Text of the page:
Matthew 6:5-8


Matt. 6:5-8

And when you pray, you must not be like the hypocrites, for they are fond of praying standing in the synagogues and at the corners of the streets, so that they may be seen by people. This is the truth I tell you–they are paid in full. But when you pray, go into your private room, and shut the door, and pray to your Father who is in secret; and your Father who sees what happens in secret will give you your reward in full. When you pray, do not pile up meaningless phrases, as the Gentiles do, for their idea is that they will be heard because of the length of their words. So, then, do not be like them, for your Father knows the things you need before you ask him.

No nation ever had a higher ideal of prayer than the Jews had; and no religion ever ranked prayer higher in the scale of priorities than the Jews did. “Great is prayer,” said the Rabbis, “greater than all good works.” One of the loveliest things that was ever said about family worship is the Rabbinic saying, “He who prays within his house surrounds it with a wall that is stronger than iron.” The only regret of the Rabbis was that it was not possible to pray all the day long.

But certain faults had crept into the Jewish habits of prayer. It is to be noted that these faults are by no means peculiar to Jewish ideas of prayer; they can and do occur anywhere. And it is to be noted that they could only occur in a community where prayer was taken with the greatest seriousness. They are not the faults of neglect; they are the faults of misguided devotion.

(i) Prayer tended to become formalized. There were two things the daily use of which was prescribed for every Jew.

The first was the Shema (compare HSN8088), which consists of three short passages of scripture–Deut.6:4-9; Deut.11:13-21; Num.15:37-41. Shema is the imperative of the Hebrew word to hear (HSN8085), and the Shema takes its name from the verse which was the essence and center of the whole matter: “Hear, O Israel, the Lord our God is one Lord.”

The full Shema had to be recited by every Jew every morning and every evening. It had to be said as early as possible. It had to be said as soon as the light was strong enough to enable a man to distinguish between blue and white, or, as Rabbi Eliezer said, between blue and green. In any event it had to be said before the third hour, that is, 9 a.m.; and in the evening it had to be said before 9 p.m. If the last possible moment for the saying of the Shema had come, no matter where a man found himself, at home, in the street, at work, in the synagogue, he must stop and say it.

There were many who loved the Shema and who repeated it with reverence and adoration and love; but inevitably there were still more who gabbled their way through it, and went their way. The Shema had every chance of becoming a vain repetition, which men mumbled through like some spell or incantation. We Christians are but ill-qualified to criticise, for everything that has been said about formally gabbling through the Shema can be said about grace before meat in many a family.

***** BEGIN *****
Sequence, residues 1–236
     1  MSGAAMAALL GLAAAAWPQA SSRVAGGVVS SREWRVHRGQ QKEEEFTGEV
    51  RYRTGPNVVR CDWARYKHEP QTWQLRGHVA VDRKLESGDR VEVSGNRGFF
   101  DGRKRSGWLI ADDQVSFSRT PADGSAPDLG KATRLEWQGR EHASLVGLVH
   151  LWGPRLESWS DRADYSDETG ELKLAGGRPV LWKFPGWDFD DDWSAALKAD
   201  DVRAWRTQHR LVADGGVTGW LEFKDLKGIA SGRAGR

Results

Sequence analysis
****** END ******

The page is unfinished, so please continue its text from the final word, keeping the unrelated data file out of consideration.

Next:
The second thing which every Jew must daily repeat was called the Shemoneh ‘Esreh which means The Eighteen. It consisted of eighteen prayers, and was, and still is, an essential part of the synagogue service. In time the prayers became nineteen, but the old name remains. Most of these prayers are quite short, and nearly all of them are very lovely.

The twelfth runs:

“Let Thy mercy, O Lord, be showed upon the upright, the humble, the elders of thy people Israel, and the rest of its teachers; be favourable to the pious strangers amongst us, and to us all. Give thou a good reward to those who sincerely trust in thy name, that our lot may be cast among them in the world to come, that our hope be not deceived. Praised be thou, O Lord, who art the hope and confidence of the faithful.”

The fifth runs:

Bring us back to thy law, O our Father; bring us back, O King, to thy service; bring us back to thee by true repentance. Praised be thou, O Lord who dost accept our repentance,

No Church possesses a more beautiful liturgy than the Shemoneh ‘Esreh The law was that the Jew must recite it three times a day, once in the morning, once in the afternoon, and once in the evening. The same thing happened again. The devout Jew prayed it with loving devotion; but there were many to whom this series of lovely prayers became a gabbled formula. There was even a summary supplied which a man might pray, if he had not the time or the memory to repeat the whole eighteen. The repetition of the Shemoneh ‘Esreh became nothing more than the superstitious incantation of a spell. Again, we Christians are ill-qualified to criticise, for there are many occasions when we do precisely the same with the prayer which taught us to pray.